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DELUXE DESK PIECE COMMEMORATING BATTLING EAGLES (AS SEEN ON EHRENBECHER AVIATION AWARDS)

SKU: 14-436

$2,995.00

This is one of the most amazing desk pieces that I have ever cast my eyes upon. The magnificent presentation’s central theme is a pair of battling eagles. One eagle is in the superior position with its wings outspread, flapping over the vanquished eagle below it. [They are in flight, by the way]. The design comes directly from Ehrenbechers (honor goblets) first awarded to Oswald Boelcke and Max Immelmann on 24 December 1915. These Ehrenbechers initially were produced by Berlin’s Godet & Söhne, Kaiser Wilhelm II’s noted house jewelers. The firm also produced many of the PLM’s, Knight’s Cross with Swords of the Hohenzollern House Orders, and other top German awards. In addition, both men became WW I’s first recipients of the Orden Pour le Mérite (nicknamed the “Blue Max” for Max Immelmann) in January 1916, after achieving their eighth victories. Both were dead before 1916 ended. Max Immelmann was killed in June, while Oswald Boelcke was the victim of a midair collision with one of his own pilots in October.
The Ehrenbecher was funded by the German armament industry (which, dear readers, can be spelled “Alfred Krupp”). The actual design, purchase, and distribution of the Ehrenbecher came from the office of the Kommandierender General der Luftstreitkräfte (Commanding General of the Imperial German Air Service) Generalleutnant Ernst von Hoeppner and Oberstleutnant Hermann von der Lieth-Thomsen, von Hoeppner’s Chief-of-Staff. Officially known as “Ehrenbecher für den Sieger” (Honor Goblet for the Winner), featured the two battling eagles in flight and the legend “Dem Sieger im Luftkampf” (To the Victor in Aerial Combat). The Ehrenbecher stood on four balled feet. Its height was approximately 190 mm; its inside diameter was 95.5 mm; its outside diameter was 96-98 mm; the base’s diameter (with writing) was 70 mm; its height was 14 mm; the ball feet had a diameter of 21 mm. The weight was about 318 grams.
Initially, the Ehrenbecher was awarded in three different metal compositions. First, it was awarded in .800 silver. Later, as silver supplies ran low, it was awarded in iron. During the three years that it was awarded, it came with an Urkunde (award document). As time went by, the required number of planes to be shot down in order to receive an Ehrenbecher was increased, just as it was for a PLM. Approximately 2,400 were awarded. At that point the goblet’s award was halted and only the document was awarded through the General’s office.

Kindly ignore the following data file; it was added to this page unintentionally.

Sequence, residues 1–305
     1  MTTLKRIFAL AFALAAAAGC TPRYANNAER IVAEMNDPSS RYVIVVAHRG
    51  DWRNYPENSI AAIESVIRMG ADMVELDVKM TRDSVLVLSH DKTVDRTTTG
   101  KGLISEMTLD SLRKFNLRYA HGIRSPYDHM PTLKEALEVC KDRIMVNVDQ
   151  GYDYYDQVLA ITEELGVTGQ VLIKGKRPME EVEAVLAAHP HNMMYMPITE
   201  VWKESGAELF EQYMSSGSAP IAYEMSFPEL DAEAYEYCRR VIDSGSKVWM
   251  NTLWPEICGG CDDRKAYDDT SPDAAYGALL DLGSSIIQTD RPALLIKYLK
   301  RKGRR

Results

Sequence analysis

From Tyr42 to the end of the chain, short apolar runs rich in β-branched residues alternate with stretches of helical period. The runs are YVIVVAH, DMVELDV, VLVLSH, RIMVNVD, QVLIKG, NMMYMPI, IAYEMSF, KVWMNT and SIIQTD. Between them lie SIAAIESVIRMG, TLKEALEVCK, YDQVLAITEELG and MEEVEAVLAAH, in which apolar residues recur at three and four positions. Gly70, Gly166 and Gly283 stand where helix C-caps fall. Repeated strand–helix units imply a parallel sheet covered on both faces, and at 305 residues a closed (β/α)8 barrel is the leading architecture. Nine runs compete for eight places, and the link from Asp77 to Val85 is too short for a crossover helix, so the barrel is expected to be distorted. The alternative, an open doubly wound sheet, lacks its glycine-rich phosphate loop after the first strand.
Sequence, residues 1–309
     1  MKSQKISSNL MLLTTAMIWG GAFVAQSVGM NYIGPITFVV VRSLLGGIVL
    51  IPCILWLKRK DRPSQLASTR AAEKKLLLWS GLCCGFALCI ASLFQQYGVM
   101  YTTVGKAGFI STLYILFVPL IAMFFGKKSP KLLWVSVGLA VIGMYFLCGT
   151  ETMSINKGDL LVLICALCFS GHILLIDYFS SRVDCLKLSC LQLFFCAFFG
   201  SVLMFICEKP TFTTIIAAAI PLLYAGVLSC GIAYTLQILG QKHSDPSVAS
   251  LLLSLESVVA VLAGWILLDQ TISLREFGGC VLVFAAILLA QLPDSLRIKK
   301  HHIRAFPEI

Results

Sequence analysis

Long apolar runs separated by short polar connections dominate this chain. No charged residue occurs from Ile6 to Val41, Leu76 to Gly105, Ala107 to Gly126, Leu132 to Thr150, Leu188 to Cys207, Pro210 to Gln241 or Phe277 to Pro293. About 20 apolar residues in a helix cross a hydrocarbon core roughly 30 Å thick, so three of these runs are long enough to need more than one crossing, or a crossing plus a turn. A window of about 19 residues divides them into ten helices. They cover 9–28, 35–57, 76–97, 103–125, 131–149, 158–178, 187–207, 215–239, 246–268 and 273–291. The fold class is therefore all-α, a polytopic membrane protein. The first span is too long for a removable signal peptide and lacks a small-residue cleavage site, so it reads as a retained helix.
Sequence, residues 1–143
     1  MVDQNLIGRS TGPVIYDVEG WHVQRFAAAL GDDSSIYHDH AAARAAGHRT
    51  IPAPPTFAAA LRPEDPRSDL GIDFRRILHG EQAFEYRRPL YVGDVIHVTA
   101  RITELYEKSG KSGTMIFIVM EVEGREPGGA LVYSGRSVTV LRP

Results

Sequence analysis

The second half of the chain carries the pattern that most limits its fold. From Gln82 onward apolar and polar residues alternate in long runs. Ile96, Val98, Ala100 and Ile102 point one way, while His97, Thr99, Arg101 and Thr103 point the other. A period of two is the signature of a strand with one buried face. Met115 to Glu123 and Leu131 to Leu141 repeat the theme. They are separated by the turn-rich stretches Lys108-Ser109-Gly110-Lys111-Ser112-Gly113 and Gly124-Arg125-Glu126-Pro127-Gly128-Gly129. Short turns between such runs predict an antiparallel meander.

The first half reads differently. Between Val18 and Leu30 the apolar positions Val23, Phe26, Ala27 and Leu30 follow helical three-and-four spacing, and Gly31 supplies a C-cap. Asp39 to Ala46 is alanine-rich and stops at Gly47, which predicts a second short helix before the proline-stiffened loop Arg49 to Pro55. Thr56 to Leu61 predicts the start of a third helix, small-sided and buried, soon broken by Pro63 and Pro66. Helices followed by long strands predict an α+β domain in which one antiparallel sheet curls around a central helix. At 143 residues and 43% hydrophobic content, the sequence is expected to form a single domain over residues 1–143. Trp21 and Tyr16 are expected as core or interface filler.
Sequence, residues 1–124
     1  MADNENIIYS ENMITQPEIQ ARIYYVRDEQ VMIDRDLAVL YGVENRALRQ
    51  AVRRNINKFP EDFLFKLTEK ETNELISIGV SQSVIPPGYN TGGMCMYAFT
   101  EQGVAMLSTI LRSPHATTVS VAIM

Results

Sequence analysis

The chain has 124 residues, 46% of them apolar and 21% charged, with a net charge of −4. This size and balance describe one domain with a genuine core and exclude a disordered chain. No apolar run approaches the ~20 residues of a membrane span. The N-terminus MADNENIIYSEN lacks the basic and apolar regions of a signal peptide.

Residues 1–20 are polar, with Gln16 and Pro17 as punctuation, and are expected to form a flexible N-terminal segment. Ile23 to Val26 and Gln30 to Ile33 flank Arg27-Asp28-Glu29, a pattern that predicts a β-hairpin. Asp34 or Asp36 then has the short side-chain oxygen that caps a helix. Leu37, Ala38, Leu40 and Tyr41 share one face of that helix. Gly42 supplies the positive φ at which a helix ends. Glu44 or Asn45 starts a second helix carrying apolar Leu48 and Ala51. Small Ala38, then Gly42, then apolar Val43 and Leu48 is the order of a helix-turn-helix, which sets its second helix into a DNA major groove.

With that quick history of the Ehrenbecher, we now return to the star of our show: the glorious desk piece. At first glance, the piece’s marble portion looks like it was a cigarette/cigar ashtray. I discount that idea, however, as it has no slots on the edges to keep the cigarette or cigar in place. Research proved it to be a “Salver.” A Salver was a Victorian era item. In fact an item that allowed the dropping of calling cards in it’s interior. They might be found in an entry hall but in this case, it would have been placed on the desk of a well heeled officer to serve as a decorative piece and a recipient of calling cards!

The marble base measures 1 ½” x 8 ¼.” It is extremely high-quality. Its condition is as it was so many years ago when the proud owner took first took possession of it. Attached in the center are the two battling eagles in all their 3D glory. They clearly depict the fierceness of the battle, the triumph of the victory, and the despair of the vanquished. Each bird measures 5 ½” x 10,” and the pair together measure 6 ½” x 10.” The eagles are made of a high-quality bronze. Perhaps most exciting of all, each beak is made of ivory! This massive display weighs a whopping 8 pounds, 9 ounces.
I have a theory about the presentation. The Ehrengabe was the naval version of the Ehrenbecher. It was a statuette, with a similar 3D version of the battling eagles mounted on the wooden base. In the photographs of our offering, we are adding a photograph or two of the Ehrengabe so you can see what leads me to this conclusion. Our desk piece may well have belonged to a naval aviator rather than one from the Army. Whichever theory you prefer, this will add a major aviation piece to your collection. It is more unusual than the original, as well as a fraction of the price of an Ehrenbecher or Ehrengabe. krMay16